NHS Birmingham Integrated Care Partnership has shared a case study of its new Early Intervention programme, which has been published on the NHS England website.
The approach has helped to prevent more than 10,000 people being unnecessarily admitted to hospital in Birmingham during the last 12 months. It involved 1,000 members of staff from across healthcare settings in the region to explore improvements that would be made, following a CQC investigation in 2017.
The approach consists of five components:
- OPAL: A geriatrician lead multi-disciplinary team that ensures individuals presenting at the front door of the acute hospital get the most appropriate onward care
- Hubs: A multi-disciplinary team that works at the point of discharge from acute hospitals to ensure timely discharge on the appropriate discharge pathway
- EI Beds: intermediate care provision to support people to recover as much independence following a crisis as possible, ideally returning home
- EI Community Team (EICT): intermediate care offer that supports people to recover in their own homes and minimise the ongoing level of need support they require
- Mental Health Wards: mental health provision to care for people experiencing an acute mental health episode
Chris Holt, Chief Operating Officer, Birmingham’s Early Intervention Lead, commented: “Our Early Intervention approach is very different to what has been provided for the 1.3m+ people of Birmingham before and is the first of its kind for the city.
“Our EI goals are to prevent unnecessary hospital admissions and premature admissions to long-term residential care, reduce delays in discharge from hospital and help people to remain as independent as possible in their own home.”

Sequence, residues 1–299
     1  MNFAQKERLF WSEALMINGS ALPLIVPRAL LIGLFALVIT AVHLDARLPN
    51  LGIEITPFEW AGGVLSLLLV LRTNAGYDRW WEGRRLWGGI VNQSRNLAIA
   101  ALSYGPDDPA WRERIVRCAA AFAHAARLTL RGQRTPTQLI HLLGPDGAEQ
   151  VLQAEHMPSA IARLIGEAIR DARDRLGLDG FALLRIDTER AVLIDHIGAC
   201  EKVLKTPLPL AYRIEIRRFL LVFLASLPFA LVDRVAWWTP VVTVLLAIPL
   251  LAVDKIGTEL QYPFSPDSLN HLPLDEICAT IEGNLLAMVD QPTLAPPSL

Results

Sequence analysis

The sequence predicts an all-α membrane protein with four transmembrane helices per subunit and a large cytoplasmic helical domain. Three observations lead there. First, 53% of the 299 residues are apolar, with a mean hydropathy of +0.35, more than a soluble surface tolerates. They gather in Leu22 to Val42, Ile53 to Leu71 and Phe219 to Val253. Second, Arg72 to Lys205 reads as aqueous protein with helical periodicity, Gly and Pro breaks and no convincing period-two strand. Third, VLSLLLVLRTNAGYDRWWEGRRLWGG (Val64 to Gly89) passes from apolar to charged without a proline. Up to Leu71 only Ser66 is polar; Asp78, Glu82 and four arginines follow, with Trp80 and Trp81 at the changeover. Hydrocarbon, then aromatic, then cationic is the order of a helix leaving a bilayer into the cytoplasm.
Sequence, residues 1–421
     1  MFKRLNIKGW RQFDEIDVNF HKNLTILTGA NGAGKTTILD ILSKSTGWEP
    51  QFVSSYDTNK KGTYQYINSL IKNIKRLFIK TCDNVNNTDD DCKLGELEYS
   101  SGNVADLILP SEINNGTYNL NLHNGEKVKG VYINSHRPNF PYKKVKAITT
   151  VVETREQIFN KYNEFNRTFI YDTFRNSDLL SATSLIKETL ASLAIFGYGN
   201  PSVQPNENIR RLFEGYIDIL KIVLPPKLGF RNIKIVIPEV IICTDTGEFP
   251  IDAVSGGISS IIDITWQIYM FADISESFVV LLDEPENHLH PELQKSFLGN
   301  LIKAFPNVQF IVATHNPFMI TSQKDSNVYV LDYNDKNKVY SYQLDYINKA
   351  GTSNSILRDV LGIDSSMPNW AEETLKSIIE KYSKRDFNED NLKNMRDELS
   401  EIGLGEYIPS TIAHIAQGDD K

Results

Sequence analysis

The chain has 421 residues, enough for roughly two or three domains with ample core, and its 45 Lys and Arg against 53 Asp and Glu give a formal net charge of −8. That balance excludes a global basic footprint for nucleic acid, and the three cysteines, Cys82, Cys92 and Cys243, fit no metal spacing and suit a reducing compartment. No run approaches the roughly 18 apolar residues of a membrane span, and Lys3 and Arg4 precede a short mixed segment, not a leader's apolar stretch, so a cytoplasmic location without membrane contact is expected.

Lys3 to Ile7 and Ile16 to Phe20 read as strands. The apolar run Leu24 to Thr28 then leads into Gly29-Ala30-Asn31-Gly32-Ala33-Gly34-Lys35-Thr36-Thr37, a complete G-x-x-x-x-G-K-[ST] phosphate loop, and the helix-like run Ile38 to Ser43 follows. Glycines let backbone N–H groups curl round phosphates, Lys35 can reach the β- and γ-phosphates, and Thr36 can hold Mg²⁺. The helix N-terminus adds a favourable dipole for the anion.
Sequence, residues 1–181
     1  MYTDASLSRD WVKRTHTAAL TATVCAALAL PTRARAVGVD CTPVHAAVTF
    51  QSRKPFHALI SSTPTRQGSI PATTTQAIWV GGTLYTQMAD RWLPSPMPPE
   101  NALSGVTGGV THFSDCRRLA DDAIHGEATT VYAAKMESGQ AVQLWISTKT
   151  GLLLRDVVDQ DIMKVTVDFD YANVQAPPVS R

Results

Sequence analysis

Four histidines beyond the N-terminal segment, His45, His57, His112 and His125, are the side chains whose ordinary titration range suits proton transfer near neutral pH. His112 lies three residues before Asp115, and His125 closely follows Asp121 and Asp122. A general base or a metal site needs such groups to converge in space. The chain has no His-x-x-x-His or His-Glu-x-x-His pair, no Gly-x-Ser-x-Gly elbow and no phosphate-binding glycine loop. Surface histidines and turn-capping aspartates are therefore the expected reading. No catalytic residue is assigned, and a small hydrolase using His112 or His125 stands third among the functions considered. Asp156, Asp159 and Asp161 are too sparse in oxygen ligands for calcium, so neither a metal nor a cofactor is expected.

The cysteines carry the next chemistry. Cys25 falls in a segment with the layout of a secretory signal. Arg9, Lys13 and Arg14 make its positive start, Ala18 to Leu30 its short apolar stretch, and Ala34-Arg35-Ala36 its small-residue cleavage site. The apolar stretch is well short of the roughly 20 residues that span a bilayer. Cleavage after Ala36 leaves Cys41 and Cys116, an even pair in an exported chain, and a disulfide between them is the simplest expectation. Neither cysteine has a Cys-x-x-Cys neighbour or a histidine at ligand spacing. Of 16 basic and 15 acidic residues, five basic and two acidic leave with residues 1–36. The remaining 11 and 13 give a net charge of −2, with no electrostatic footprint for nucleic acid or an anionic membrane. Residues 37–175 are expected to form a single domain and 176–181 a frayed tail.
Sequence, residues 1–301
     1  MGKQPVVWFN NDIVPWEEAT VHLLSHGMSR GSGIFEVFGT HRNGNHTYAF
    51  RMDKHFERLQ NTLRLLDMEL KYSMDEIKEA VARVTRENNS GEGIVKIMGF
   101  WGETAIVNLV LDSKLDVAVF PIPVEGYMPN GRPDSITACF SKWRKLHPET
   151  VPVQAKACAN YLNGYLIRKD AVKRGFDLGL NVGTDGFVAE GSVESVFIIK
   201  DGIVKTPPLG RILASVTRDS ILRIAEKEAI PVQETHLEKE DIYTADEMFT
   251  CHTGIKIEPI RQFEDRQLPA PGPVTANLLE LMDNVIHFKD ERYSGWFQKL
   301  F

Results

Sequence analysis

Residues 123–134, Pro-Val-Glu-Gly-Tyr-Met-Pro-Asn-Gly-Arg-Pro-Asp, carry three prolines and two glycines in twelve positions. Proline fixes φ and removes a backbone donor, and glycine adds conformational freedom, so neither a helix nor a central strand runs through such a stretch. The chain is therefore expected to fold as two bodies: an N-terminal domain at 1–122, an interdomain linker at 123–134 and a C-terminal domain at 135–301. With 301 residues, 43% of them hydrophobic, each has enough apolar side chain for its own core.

Balwinder Kaur, Assistant Director, Acute, Community and Social Work Operations for Adult Social Care in Birmingham City Council, added: “By working together the team can help to meet the needs of the person standing before us – whether that’s for depression, loneliness, a physical or mental health condition or a practical problem with housing, living or even losing weight.
“It’s about having a huge bank of skills and knowledge which span the health, social care and voluntary sector and knowing where a person can get the right help at the right time to support them at home. So far, it’s been a real success and patients have been delighted to realise they aren’t going to have a long stay, someone is trying to help them get home as soon as it’s appropriate.”
The approach has helped to reduce length of stay in hospital, saving 90,000 bed days a year and has ensured that 45 per cent of people are now more likely to go straight home when discharged from hospital instead of being admitted into long-term care.
The partnership said: “The system is now simpler. Bringing together colleagues from across health and social care from all the organisations to create single multi professional teams means that there is no wrong door for anybody who needs help – the aim being that people only have to tell their story once.”
Read the full case study here.